Topic Change as a Conversational Strategy in Police-Suspect Interaction in Ibadan, Nigeria


  • Temidayo Akinrinlola McPherson University
  • Farinde Raifu McPherson University


Police-Suspect interaction, henceforth PSI, is a form of forensic discourse. It is a relatively new area in language study. Existing studies have illuminated police discourse from the non-linguistic perspective. Such studies have not investigated the import of topic change in police interrogation. Studies on police interrogation, from the linguistic angle, still beg scholarly attention. To extend the frontiers of existing linguistic engagement of police interrogation, this study examines the significance of topic change as conversational strategy in police-suspect interaction with a view to uncovering the motivation for topic change and its implication on the interrogation process. Using conversational analysis as its theoretical anchor, interrogation sessions on burglary and stealing, murder, physical abuse, felony, robbery and malicious damage were tape-recorded at the State Criminal Investigation Department, Ìyágànkú, Ibadan, Oyo State. The nonparticipant observation technique was adopted. Interrogating police officers, henceforth IPOs, and suspects change interrogation topics through the deployment of interrogatives, the bridge technique, making reference to earlier topics, summoning, deflection and giving compliments and seeking advice. Apart from serving pedagogical significance, the discourse analytical approach to police interrogation provokes a better understanding of how PSI works. The study reveals that topic change remains a viable tool for stamping the motivations of IPOs and suspects during interrogation sessions. A study of topic management in PSI reveals how power is enacted and managed in PSI.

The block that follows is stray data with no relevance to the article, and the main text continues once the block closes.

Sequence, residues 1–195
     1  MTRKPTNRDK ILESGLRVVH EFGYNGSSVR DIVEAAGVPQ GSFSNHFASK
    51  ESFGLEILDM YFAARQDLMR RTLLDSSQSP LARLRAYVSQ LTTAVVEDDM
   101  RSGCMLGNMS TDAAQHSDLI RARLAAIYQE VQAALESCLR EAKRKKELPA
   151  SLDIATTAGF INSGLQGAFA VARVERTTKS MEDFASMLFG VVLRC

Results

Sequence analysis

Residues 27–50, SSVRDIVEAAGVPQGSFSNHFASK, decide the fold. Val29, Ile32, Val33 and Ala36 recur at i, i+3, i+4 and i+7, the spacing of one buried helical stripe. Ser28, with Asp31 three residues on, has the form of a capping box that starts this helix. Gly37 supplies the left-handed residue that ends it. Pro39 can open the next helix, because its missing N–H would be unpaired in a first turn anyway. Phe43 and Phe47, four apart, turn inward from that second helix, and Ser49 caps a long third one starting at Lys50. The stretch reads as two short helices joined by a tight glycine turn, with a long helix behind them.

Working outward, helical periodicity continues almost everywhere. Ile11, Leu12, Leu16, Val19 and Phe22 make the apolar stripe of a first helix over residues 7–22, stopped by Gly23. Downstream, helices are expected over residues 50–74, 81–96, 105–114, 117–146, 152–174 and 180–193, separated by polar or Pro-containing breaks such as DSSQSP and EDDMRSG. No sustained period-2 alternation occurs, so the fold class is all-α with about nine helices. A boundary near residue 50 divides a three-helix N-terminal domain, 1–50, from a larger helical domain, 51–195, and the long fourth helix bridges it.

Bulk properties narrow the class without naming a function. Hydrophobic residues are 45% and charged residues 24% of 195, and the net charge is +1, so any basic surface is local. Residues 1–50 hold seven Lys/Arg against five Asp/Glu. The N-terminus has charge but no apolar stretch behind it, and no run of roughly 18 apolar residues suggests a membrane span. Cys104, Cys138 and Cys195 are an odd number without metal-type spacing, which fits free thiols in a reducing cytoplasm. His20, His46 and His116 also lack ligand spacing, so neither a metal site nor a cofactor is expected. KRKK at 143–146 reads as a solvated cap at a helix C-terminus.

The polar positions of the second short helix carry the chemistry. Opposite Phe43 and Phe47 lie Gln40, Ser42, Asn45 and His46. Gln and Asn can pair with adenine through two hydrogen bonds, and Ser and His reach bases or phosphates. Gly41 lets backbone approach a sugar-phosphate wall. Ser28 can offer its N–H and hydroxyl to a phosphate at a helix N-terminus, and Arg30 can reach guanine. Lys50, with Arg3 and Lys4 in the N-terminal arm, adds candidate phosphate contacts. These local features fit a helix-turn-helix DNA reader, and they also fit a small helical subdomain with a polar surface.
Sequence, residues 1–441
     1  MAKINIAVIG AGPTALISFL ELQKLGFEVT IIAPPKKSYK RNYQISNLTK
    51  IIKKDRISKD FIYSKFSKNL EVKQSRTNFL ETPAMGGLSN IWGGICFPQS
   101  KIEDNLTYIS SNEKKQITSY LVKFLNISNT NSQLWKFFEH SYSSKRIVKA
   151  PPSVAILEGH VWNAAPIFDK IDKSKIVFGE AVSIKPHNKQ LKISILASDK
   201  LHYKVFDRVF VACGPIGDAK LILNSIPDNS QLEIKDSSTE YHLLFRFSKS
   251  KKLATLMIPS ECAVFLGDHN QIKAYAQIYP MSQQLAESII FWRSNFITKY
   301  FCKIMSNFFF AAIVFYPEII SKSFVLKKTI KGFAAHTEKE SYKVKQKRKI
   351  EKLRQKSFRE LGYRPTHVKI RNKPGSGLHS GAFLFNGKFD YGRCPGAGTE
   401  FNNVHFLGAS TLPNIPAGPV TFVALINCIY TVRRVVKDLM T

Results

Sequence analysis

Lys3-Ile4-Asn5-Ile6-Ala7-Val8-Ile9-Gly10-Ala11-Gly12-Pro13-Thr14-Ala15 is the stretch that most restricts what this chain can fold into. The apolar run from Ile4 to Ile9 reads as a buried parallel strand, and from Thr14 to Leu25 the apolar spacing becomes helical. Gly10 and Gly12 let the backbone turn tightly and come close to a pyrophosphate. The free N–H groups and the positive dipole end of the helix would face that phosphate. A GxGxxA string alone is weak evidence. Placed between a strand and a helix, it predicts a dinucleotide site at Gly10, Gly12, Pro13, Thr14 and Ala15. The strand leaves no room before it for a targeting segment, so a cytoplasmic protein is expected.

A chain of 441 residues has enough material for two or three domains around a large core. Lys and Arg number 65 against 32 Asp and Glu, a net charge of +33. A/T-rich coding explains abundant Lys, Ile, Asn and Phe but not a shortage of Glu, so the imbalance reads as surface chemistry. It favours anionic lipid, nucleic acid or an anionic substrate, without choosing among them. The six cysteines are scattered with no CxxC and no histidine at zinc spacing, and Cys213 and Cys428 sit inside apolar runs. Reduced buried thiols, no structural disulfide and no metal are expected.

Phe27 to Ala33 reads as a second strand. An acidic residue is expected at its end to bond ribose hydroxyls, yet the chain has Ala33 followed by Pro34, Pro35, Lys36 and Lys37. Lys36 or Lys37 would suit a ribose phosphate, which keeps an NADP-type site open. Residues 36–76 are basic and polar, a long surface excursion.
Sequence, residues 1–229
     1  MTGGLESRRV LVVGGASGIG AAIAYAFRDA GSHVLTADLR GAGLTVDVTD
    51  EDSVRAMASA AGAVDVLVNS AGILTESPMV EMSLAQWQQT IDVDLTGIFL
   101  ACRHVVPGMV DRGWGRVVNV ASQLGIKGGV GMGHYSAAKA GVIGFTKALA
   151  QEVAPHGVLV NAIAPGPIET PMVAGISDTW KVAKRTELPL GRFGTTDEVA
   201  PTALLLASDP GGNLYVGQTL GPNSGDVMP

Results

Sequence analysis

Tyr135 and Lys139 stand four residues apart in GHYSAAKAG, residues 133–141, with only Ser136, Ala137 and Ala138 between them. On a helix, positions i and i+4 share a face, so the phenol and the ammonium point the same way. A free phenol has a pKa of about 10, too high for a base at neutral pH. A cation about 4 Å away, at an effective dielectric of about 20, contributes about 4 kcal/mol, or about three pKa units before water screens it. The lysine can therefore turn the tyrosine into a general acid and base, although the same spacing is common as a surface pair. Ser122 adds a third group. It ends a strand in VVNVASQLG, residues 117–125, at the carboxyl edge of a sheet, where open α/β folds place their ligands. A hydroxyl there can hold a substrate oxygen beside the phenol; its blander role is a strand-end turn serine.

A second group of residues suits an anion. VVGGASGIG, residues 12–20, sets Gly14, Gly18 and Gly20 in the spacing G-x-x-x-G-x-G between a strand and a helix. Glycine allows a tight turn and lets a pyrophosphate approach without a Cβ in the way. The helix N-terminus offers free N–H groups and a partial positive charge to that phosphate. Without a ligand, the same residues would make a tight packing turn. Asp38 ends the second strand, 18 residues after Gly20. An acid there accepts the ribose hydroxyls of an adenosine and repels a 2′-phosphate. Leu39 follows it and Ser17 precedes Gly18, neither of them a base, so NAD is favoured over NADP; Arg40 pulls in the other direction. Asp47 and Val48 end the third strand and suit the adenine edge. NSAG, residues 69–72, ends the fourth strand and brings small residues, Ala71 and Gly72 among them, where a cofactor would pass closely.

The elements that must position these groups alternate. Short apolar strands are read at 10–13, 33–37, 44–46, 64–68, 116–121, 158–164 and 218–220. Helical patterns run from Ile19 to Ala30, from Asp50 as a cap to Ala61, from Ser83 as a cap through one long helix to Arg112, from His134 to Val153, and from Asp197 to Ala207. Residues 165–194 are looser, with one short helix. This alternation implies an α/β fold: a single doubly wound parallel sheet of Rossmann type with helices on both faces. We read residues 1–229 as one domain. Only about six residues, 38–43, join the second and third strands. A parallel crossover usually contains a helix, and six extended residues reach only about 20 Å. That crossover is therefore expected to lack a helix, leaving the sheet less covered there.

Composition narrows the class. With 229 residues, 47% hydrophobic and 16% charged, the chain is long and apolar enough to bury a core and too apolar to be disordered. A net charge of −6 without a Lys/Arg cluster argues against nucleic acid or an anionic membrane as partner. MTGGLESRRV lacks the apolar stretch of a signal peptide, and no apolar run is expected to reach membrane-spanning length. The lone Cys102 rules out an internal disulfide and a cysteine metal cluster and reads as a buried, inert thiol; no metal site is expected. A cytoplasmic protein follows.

Key words: topic change, conversational strategy, conversational analysis, police-suspect, interrogation power


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